tion, it is estimated that 93 percent has access to
drinking water services, while only 12 percent of the
rural population has similar access. Forty-two per-
cent of the total population has access to sanitary
disposal services (including the use of latrines). Of
the urban population, 87 percent benefit from such
services, but only 54 percent of the rural population
does (PAHO, 1999).

Community  access to  clean drinking water can be
improved by protecting drinking water sources and
managing them for contaminant reduction and pre-
vention for both present and future uses. In 1990, 70
percent of the  public water  supply  systems in
Nicaragua used ground water, while the remaining
30 percent used surface water (PAHO, 1998).  While
ground water is generally more protected from con-
tamination than surface water, ground water supplies
can be extremely difficult to clean up once they
become contaminated.  They are underground and
therefore impossible to see, and water underground
moves relatively slowly, meaning that once contam-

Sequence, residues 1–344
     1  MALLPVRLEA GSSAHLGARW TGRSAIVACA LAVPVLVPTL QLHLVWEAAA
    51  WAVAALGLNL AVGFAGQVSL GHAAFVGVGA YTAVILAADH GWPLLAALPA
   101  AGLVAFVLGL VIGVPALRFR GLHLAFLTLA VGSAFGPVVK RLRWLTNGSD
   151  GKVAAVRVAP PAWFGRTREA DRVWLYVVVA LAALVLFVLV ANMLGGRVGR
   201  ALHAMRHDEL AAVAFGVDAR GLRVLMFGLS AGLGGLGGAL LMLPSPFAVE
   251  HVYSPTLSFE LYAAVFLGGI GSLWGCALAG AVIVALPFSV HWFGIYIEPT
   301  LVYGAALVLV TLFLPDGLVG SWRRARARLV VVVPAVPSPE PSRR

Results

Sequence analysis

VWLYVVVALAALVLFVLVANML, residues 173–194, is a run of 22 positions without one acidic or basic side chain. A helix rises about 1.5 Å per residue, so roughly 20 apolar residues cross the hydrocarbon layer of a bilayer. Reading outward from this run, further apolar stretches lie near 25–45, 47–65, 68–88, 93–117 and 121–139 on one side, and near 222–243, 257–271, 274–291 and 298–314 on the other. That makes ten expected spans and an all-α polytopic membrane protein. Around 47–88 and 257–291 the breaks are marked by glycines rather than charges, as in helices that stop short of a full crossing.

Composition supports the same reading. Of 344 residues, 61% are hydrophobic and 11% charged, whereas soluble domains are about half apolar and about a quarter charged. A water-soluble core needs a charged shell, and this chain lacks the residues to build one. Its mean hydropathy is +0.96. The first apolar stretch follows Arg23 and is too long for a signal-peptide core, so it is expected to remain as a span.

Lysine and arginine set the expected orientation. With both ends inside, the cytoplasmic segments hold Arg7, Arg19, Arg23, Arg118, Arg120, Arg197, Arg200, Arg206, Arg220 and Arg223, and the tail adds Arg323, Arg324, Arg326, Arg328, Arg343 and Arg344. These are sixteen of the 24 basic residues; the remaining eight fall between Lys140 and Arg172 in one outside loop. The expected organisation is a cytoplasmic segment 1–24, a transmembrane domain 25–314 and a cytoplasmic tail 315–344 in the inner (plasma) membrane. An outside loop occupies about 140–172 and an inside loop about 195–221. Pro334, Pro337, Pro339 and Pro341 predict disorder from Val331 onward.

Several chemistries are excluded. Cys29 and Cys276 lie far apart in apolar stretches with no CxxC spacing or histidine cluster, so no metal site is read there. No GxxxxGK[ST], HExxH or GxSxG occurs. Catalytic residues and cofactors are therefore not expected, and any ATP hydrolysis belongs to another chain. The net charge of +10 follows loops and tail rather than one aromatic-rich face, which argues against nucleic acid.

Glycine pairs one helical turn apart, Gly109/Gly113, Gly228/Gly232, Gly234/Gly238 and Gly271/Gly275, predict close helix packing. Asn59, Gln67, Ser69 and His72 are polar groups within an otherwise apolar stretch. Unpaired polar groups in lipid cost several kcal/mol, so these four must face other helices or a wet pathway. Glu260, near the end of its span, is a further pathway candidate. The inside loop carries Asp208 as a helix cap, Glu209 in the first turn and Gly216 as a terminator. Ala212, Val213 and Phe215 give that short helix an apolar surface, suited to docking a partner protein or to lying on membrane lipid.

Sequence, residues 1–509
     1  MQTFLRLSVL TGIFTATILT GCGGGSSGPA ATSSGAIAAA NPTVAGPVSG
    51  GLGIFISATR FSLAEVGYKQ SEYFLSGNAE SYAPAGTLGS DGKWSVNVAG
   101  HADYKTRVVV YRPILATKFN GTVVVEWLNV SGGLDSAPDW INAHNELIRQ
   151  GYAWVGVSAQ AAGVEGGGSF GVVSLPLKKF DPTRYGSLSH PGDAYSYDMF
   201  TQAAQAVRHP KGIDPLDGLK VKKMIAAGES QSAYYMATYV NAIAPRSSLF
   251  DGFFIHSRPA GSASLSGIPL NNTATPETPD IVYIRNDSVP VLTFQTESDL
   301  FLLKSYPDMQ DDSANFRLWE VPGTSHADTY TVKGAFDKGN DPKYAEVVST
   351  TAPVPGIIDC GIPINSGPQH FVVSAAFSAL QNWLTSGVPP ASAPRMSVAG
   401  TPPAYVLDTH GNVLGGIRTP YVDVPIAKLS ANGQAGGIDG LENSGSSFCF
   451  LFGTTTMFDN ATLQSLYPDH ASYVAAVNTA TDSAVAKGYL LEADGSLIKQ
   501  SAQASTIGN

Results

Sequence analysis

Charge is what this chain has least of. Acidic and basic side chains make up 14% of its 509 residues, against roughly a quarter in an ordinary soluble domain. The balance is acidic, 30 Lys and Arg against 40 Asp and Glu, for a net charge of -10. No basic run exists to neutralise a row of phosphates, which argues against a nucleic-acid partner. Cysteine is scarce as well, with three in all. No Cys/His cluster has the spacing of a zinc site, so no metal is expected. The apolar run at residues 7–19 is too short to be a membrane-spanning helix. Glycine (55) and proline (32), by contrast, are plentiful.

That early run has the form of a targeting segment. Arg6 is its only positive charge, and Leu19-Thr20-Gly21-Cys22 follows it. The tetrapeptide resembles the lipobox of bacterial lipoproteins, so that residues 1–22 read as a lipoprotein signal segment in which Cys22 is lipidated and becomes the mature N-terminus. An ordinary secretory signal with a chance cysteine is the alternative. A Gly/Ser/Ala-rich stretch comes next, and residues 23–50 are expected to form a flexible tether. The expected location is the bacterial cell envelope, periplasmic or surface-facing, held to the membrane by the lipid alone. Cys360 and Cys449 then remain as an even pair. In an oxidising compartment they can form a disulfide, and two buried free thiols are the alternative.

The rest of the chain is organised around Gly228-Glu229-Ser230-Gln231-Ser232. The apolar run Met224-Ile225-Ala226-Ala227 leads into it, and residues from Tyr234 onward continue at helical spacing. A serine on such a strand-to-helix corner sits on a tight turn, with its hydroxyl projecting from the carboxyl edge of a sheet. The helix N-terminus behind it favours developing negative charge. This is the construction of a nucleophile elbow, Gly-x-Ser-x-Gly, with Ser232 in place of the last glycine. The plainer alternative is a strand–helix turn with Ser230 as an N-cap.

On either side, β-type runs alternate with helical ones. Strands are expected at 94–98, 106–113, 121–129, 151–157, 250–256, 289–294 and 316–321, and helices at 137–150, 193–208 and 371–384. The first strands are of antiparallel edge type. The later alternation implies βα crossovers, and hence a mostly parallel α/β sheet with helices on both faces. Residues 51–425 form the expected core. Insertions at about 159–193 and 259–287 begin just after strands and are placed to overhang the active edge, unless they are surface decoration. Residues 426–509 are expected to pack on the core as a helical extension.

ination enters the ground water, it can take many
years to show up in drinking water wells. These fac-
tors cause ground water remediation to be very dif-
ficult, and make protection of these waters from ini-
tial contamination extremely important.
The majority of surface drinking water supplies in
Nicaragua that receive treatment uses a combination
of filtration, settling basins, aeration, chemical addi-
tives (to assist in contaminant removal), and chlori-
nation. Chlorine is the most commonly used disin-
fectant worldwide because  it  is  highly  effective
against microbes, is widely available, and is inex-
pensive relative to other treatment options.  Water
from surface sources must be filtered of sediments
and   organic  matter  prior   to   chlorination.
Chlorination of turbid water can be ineffective and
chlorine can react with the organic matter to form
harmful  byproducts  such as  trihalomethanes,
haloacetic acids and chlorite (EPA, 200la).  Further,
the  amount of chlorine needed to treat all of the
harmful bacteria in turbid water can far exceed safe